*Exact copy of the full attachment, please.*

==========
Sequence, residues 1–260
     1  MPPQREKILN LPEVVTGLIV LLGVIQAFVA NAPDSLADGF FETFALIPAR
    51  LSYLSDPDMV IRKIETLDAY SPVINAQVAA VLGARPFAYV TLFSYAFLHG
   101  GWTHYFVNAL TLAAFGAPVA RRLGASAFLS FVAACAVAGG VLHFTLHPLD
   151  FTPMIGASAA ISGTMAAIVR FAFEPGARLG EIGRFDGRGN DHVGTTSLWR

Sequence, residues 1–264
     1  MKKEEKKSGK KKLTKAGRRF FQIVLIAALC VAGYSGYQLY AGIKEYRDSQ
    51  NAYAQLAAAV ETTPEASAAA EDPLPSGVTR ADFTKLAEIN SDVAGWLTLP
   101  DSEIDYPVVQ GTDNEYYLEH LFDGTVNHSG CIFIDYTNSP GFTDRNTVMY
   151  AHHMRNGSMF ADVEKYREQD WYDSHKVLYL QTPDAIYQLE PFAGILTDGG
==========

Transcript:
Sequence, residues 1–260
     1  MPPQREKILN LPEVVTGLIV LLGVIQAFVA NAPDSLADGF FETFALIPAR
    51  LSYLSDPDMV IRKIETLDAY SPVINAQVAA VLGARPFAYV TLFSYAFLHG
   101  GWTHYFVNAL TLAAFGAPVA RRLGASAFLS FVAACAVAGG VLHFTLHPLD
   151  FTPMIGASAA ISGTMAAIVR FAFEPGARLG EIGRFDGRGN DHVGTTSLWR

Sequence, residues 1–264
     1  MKKEEKKSGK KKLTKAGRRF FQIVLIAALC VAGYSGYQLY AGIKEYRDSQ
    51  NAYAQLAAAV ETTPEASAAA EDPLPSGVTR ADFTKLAEIN SDVAGWLTLP
   101  DSEIDYPVVQ GTDNEYYLEH LFDGTVNHSG CIFIDYTNSP GFTDRNTVMY
   151  AHHMRNGSMF ADVEKYREQD WYDSHKVLYL QTPDAIYQLE PFAGILTDGG